The Big Box Retailer Problem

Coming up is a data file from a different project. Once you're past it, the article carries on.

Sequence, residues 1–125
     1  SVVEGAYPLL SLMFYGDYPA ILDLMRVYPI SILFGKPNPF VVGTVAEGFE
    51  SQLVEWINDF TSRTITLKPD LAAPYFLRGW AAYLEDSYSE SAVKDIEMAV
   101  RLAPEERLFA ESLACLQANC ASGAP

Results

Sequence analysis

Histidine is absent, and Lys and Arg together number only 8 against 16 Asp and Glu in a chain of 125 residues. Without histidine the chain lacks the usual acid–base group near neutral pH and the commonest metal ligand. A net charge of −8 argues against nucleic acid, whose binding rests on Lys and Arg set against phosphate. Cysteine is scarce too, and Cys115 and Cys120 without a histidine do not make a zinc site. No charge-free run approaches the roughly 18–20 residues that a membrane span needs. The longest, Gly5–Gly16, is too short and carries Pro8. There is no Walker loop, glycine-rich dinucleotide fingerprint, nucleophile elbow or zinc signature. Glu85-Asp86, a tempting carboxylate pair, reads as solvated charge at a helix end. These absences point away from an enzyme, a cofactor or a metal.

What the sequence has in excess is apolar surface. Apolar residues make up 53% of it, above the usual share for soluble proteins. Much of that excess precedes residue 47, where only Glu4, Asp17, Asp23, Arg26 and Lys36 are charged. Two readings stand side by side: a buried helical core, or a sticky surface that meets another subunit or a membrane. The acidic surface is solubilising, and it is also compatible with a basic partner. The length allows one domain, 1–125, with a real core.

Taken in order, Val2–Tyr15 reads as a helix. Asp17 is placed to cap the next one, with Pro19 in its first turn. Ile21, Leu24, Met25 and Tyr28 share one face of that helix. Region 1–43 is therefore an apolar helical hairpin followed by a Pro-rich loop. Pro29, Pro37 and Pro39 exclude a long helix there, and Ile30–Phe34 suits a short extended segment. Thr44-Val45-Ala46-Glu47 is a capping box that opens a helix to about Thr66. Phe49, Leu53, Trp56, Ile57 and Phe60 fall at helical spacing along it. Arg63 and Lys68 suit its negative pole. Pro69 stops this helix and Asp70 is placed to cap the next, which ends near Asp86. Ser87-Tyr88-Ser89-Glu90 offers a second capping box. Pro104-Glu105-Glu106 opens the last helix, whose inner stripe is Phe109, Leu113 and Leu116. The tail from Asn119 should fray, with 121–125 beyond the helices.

I use a stylized scenario—the Big Box Retailer Problem—to demonstrate that the presence of behavioral interdependence in economic markets may result in deficient outcomes that are both stable and supported by ongoing participant behavior. I present a theoretical discussion of social dilemmas and use the Big Box Retailer Problem to illustrate that these characteristics—stability and ongoing support—cannot be reliably employed as indicators of outcome efficiency. Equally important is the conclusion that upfront costs and the ongoing necessity of monitoring and encouraging contributory behavior are not reliable indicators of the relative inefficiency of outcomes associated with collective action. Questions are raised regarding the ethical responsibilities of business educators and the implications of social dilemmas for corporate social responsibility research.